Newhouse et al  evaluated the lungs of workers who had heavy asbestos exposure. Cases were selected
because they had lung cancer, and the presence or absence of asbestosis noted. Histologic asbestosis was
documented in 100% and 90% of the cases. Thus these data indicate that the presence of asbestosis
accounts for all the excess lung cancer risk.
Even more interesting are two prospective studies in which data on both the presence or absence of
asbestosis and cumulative exposure exist. Hughes and Weill  examined asbestos cement workers using
chest radiographs and Sluis-Cremer and Bezuidenhout  documented asbestosis in autopsy lungs from
amosite asbestos miners. In both studies increased lung cancer rates were found only in the presence of
asbestosis (Table 3). These studies also provided data on measured cumulative asbestos exposure, but
cumulative exposure did not account for the presence or absence of lung cancer. Thus these data strongly
support the idea that asbestosis is required to link a lung cancer to asbestos exposure.
Table 3: Relationship of Asbestosis and Lung Cancer in Two Prospective Studies
|Report ||Asbestosis ||SMR ||Significant Increase?|
|Hughes & Weill |
Chest x-ray asbestos cement workers
|Sluis-Cremer & Bezuidenhout |
Autopsy pathology - amosite asbestos miners
Practical approach for the pathologist
Pathologists are commonly asked
to determine whether a lung cancer is caused by asbestos exposure. As indicated above, the weight of the
evidence suggests that a lung cancer should be attributed to asbestos exposure only if asbestosis is
present, either radiographically or pathologically (the pathologic features of asbestosis are discussed
by Victor Roggli in this symposium and will not be repeated here).
There is considerable discussion in the literature about whether histologic subtype and tumor
location provide any useful information for attribution. One can find claims in the literature that
asbestos-induced carcinomas are more frequent in the lower lobes, but equal numbers of claims that they
are more frequent in the upper lobes. Similarly, the literature supports and denies the idea that
asbestos-related carcinomas are peripheral rather than central.
The same types of contradictions apply to attempts to use histologic subtype for attribution, with
reports claiming that one or another histologic type of tumor is or is not increased. A number of years
ago I compiled a listing of the frequency of different cell types in asbestos workers with lung cancer
from different reports; overall there was no difference compared to nonexposed individuals . Thus I
do not believe that either tumor location or tumor cell type are of any use in this situation.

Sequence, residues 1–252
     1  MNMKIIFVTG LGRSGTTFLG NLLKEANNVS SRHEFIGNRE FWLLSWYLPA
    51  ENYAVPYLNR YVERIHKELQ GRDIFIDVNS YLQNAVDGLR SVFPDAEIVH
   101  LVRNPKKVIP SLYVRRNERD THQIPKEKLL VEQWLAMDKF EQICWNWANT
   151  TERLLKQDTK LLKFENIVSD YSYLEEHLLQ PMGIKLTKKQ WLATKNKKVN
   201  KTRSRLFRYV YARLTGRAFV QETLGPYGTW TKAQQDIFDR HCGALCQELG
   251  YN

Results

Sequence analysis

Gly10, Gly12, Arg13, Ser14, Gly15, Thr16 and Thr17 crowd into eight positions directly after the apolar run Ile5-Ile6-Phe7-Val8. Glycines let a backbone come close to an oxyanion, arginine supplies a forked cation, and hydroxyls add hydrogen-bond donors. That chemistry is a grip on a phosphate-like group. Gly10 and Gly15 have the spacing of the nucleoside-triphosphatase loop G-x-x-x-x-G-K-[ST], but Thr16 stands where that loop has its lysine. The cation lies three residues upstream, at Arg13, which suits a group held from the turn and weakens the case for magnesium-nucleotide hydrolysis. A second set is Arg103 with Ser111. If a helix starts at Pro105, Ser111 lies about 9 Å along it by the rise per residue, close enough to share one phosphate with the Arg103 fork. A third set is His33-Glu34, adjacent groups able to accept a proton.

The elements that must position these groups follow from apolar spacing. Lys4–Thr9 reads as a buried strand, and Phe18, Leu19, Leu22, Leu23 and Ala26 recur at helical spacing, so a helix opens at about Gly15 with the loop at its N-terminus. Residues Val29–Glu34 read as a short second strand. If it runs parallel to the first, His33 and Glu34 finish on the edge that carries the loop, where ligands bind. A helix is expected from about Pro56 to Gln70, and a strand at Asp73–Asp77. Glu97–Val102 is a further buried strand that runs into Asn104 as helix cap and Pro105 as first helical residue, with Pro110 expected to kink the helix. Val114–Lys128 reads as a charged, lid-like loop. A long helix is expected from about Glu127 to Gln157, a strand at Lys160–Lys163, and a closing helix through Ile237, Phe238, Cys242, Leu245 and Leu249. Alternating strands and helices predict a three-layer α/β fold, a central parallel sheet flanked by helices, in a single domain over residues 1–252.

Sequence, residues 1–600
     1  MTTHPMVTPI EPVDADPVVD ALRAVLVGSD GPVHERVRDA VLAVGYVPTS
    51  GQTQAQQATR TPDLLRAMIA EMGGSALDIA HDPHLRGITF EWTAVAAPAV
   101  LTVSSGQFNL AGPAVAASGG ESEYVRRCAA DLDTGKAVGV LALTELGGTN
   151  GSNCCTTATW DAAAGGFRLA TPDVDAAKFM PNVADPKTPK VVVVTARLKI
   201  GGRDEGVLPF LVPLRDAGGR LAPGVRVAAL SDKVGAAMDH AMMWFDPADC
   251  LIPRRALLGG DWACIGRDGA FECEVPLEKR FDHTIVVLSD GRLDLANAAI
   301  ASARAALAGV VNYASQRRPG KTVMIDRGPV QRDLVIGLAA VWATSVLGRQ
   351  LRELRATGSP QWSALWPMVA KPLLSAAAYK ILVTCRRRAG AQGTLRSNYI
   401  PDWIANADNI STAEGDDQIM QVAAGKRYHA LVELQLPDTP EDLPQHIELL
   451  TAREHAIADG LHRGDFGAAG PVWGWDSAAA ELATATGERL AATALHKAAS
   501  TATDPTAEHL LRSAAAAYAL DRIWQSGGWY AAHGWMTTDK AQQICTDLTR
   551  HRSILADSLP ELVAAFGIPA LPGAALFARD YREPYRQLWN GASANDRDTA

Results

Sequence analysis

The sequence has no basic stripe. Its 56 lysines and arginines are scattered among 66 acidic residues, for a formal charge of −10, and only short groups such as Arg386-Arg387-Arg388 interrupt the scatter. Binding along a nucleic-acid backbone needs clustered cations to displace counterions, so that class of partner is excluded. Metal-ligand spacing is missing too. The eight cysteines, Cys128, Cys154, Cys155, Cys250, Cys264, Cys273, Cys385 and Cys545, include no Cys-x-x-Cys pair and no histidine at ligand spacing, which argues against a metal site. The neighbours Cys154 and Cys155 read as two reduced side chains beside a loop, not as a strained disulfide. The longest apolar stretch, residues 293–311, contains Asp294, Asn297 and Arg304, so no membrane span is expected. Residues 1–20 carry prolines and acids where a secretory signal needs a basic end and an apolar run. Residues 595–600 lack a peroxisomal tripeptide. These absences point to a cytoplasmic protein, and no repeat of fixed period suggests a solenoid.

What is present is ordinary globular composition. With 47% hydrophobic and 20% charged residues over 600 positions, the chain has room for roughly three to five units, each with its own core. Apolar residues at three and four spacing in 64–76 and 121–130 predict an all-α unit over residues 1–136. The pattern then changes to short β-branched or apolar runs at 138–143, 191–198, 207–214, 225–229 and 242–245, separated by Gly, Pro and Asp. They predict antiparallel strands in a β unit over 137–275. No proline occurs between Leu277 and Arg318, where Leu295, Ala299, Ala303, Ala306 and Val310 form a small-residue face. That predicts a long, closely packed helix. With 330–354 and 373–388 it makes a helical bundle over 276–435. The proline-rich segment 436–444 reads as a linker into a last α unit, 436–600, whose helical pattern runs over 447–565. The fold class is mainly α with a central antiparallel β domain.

A few claims exist in the literature that the presence of k-ras mutations can be used to determine
which lung cancers are caused by asbestos exposure. Given the high frequency of k-ras mutations in
non-small cell lung cancers from ordinary cigarette smokers, this approach does not appear to be useful.
In the United States the current incidence of mesothelioma is
about 20/million in men and 2 to 3/million in women . In men incidence rates have increased steadily
over the last 30 to 40 years, but in women incidence rates are essentially unchanged over this period.
These differences are believed to reflect gender differences in asbestos exposure. Recent data from the
SEER cohort  indicate that the peak incidence rate for mesothelioma was reached in the US in the
early 1990's and that there is now a slow decline, a phenomenon that probably reflects decreasing
amphibole use starting in the 1970's .
Location of Tumors
The majority of mesotheliomas are pleural in origin,
followed by peritoneal primaries; pericardial and tunica vaginalis primaries are rare. For men, the
ratio of pleural:peritoneal tumors in the US is about 9:1, but for women only 2:1 . This difference
probably reflects the additional tumors produced in men in the pleural cavity by asbestos exposure. The
same histologic patterns are seen in all locations, although sarcomatous lesions are relatively uncommon
in the peritoneal cavity.
Asbestos: By far the most
extensively investigated etiology is asbestos exposure. A report by Spirtas et al  using data from
a set of cancer registries in the United States concluded that asbestos exposure was the cause of 90% of
the pleural tumors, and about 60% of the peritoneal tumors in men, but only about 20% of all
mesotheliomas in women. Other countries where amphibole use was extensive have higher rates and a
greater proportion of asbestos associated tumors in women; however, in all studies some proportion of
mesotheliomas are not associated with asbestos exposure.
Mesotheliomas typically are seen in workers who had significant amphibole asbestos exposure,
particularly pipefitters and insulators, shipyard workers, amphibole asbestos miners, and individual
working in factories that used amphibole or mixtures of amphiboles and chrysotile. Construction workers
of many types also have been shown to have an increased risk. Pleural mesotheliomas may occur as a
result of household contact exposure such as washing amphibole-asbestos contaminated workclothes.
Exposure to chrysotile asbestos carries a much lower risk of pleural mesothelioma and enormous doses of
chrysotile are required before mesotheliomas develop. Hodgson and Darnton  estimated that the
relative risk is 1 (chrysotile): 100 (amosite): 500 (crocidolite). Peritoneal mesotheliomas are only
associated with high level amphibole exposure.